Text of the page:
Charles Rocket (August 24, 1949 – October 7, 2005) was an American film and television actor, notable for his tenure as a cast member on Saturday Night Live as well as for his appearances as the villain Nicholas Andre in the film Dumb and Dumber, Dave Dennison, the father in Disney's "Hocus Pocus" and Adam, the Angel of Death, in the series Touched by an Angel. He was found dead on October 7, 2005. His manner of death was ruled as suicide.
Early life and career
Rocket was born Charles Adams Claverie in Bangor, Maine. He attended the Rhode Island School of Design in the late 1960s and was part of the Rhode Island underground culture scene in the 1970s that also included Talking Heads frontman David Byrne and film director Gus Van Sant. He had a son with his wife Beth. They were married on board the battleship USS Massachusetts anchored in Fall River, MA. Charlie also appeared from time to time with friend Dan Gosch as superheroes "Captain Packard" and his faithful sidekick "Lobo". In a RISD yearbook the dynamic duo appeared in a photo at the Rhode Island State House with then Governor Frank Licht.
Rocket made several short films and fronted his band, the Fabulous Motels, on accordion. He later anchored the local news at Channel 12 WPRI and at KOAA-TV in Colorado Springs under his own name, and WTVF Nashville under the name Charles Kennedy. He made his network debut on the popular late-night television Saturday Night Live. Later in his career Rocket would lend his accordion talents to the David Byrne-produced B-52's album Mesopotamia.
Saturday Night Live
Rocket was cast for the 1980–81 season, which followed the departure of the remaining members of the show's popular original cast and original executive producer Lorne Michaels. Singled out by new executive producer Jean Doumanian as the star of her new ensemble, Rocket was promoted as a cross between Bill Murray and Chevy Chase. Rocket was given the role of anchor for the show's Weekend Update news parody, and was featured in many sketches. He was a "utility man" of sorts, as he appeared in more sketches than any other male cast member that season with the exception of Joe Piscopo. Several clips of Rocket's performances appear in both the feature and featurette of the "SNL In The 80's: Lost and Found" DVD.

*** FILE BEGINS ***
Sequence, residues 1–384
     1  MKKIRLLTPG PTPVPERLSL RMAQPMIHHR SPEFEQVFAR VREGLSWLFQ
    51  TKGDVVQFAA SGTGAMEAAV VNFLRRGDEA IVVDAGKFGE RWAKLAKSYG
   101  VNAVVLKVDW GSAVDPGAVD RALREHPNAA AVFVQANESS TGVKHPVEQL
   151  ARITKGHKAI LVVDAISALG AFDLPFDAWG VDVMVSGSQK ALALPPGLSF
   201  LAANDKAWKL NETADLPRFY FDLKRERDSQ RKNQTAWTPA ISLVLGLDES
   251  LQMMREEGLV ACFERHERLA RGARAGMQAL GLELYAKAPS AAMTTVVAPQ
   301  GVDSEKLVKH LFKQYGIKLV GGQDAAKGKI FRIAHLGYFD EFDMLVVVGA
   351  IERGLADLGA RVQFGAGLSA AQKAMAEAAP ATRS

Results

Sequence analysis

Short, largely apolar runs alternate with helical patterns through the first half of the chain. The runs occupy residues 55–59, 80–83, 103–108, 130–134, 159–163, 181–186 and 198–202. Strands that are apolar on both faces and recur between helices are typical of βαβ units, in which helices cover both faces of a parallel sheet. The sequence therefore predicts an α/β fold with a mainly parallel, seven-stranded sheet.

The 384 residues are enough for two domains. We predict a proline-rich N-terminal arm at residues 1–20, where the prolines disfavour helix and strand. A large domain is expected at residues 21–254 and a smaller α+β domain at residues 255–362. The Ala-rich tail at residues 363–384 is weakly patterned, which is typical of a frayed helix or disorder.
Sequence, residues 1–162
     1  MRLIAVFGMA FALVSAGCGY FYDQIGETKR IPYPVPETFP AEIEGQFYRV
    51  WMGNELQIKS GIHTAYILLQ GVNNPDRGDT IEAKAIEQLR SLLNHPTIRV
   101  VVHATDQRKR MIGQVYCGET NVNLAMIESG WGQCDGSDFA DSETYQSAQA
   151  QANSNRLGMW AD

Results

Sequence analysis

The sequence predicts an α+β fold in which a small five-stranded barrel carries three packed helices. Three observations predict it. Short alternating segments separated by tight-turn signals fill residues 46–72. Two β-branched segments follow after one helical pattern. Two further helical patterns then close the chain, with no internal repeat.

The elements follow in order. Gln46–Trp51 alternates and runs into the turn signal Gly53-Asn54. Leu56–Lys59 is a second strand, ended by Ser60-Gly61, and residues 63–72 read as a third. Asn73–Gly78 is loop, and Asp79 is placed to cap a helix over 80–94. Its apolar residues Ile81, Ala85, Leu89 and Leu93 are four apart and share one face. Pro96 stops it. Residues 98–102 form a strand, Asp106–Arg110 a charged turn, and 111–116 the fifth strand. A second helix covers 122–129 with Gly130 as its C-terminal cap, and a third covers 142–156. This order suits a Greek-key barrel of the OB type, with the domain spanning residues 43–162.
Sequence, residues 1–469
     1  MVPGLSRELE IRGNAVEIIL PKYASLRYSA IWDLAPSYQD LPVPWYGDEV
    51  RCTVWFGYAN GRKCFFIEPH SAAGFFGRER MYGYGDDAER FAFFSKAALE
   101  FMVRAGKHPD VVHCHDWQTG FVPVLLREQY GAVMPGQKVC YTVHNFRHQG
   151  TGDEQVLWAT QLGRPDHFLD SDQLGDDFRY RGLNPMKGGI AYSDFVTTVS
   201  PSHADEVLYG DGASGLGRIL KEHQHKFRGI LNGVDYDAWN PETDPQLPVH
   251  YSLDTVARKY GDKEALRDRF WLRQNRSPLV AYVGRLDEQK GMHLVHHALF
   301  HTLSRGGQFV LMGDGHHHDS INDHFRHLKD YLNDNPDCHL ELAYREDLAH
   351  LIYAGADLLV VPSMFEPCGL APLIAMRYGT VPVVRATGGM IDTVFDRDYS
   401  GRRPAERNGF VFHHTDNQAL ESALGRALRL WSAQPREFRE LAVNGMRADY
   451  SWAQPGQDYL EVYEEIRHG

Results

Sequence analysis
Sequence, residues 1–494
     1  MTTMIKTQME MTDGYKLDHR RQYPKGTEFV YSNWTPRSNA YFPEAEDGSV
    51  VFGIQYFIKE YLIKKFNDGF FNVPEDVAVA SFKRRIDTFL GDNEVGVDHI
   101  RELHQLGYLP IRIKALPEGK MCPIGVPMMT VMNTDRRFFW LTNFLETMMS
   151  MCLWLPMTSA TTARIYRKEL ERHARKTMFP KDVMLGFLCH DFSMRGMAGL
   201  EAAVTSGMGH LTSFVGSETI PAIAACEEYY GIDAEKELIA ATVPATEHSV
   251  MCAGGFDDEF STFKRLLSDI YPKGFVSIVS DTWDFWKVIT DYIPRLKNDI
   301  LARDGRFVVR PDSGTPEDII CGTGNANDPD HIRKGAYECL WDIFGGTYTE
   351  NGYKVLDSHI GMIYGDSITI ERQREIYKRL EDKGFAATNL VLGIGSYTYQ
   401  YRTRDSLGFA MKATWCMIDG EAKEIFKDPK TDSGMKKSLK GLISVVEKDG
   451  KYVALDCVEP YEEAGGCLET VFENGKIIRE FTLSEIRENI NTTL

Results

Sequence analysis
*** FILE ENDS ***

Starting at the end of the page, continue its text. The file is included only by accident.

The February 21, 1981 episode hosted by Dallas star Charlene Tilton featured a parody of the famed Who Shot J.R.? episode of Dallas. In the episode, Rocket was shot in the chest by a sniper while doing a sketch about a sexy couple (with Gail Matthius as his partner) bathing a dog and spouting innuendo. At the end of the show, as cast members traditionally gathered around the host to say good night, Tilton asked Rocket how he felt about being shot. In character, a wheelchair-using Rocket improvised, "Oh, man, it’s the first time I've ever been shot in my life. I'd like to know who the fuck did it", followed by the cast and audience reacting with shock and laughter.
Due partially to the violation of broadcast standards, along with Saturday Night Live's low ratings, Doumanian and Rocket were soon fired (along with most of the writers and fellow cast members Gilbert Gottfried and Ann Risley). Piscopo and Eddie Murphy were the only cast members to survive the axe, after new producer Dick Ebersol replaced Denny Dillon and Gail Matthius after producing one episode. In "Saturday Night: A Backstage History of Saturday Night Live," it is reported that Rocket was particularly hostile to Murphy and Piscopo.
Rocket recovered from this early career screw-up and acted in many films, including Earth Girls Are Easy, It's Pat, Dances with Wolves, and Dumb & Dumber, often portraying the antagonist. In television, he secured a series of guest spots on several 1980s sitcoms, co-starred in the short-lived 1992 comedy-drama series Tequila and Bonetti, and played rival network president Ned Grossberg on the 1980s cyberpunk series Max Headroom. Rocket became well known for his role as Richard Addison (brother to Bruce Willis' David Addison) on the popular comedy-drama Moonlighting and as "Adam" the first "Angel of Death" on CBS's Touched by an Angel.
During the 1990s, some roles for Rocket were box office duds such as the animated Titan A.E. and Fathers' Day and the short-lived 2000 John Goodman series Normal, Ohio on the Fox network. But he made frequent guest appearances on many popular television programs in the early 1990s and early-to-mid 2000s, including Quantum Leap, Wings, The King of Queens, and recurring roles in Touched By An Angel, and Law & Order: Criminal Intent, the last of which marked his final appearance on network television. He also lent his voice to popular video game titles Star Wars: Starfighter, Star Wars: Jedi Starfighter (as the character "Nym" in both games), Descent 3, and Age of Mythology.
His final film role came in the 2003 movie Shade which starred Sylvester Stallone and Melanie Griffith.
Rocket was found dead in a field near his Connecticut home on October 7, 2005; his throat had been cut. He was 56 years old. The state medical examiner later ruled the death a suicide. He was cremated and his ashes were scattered.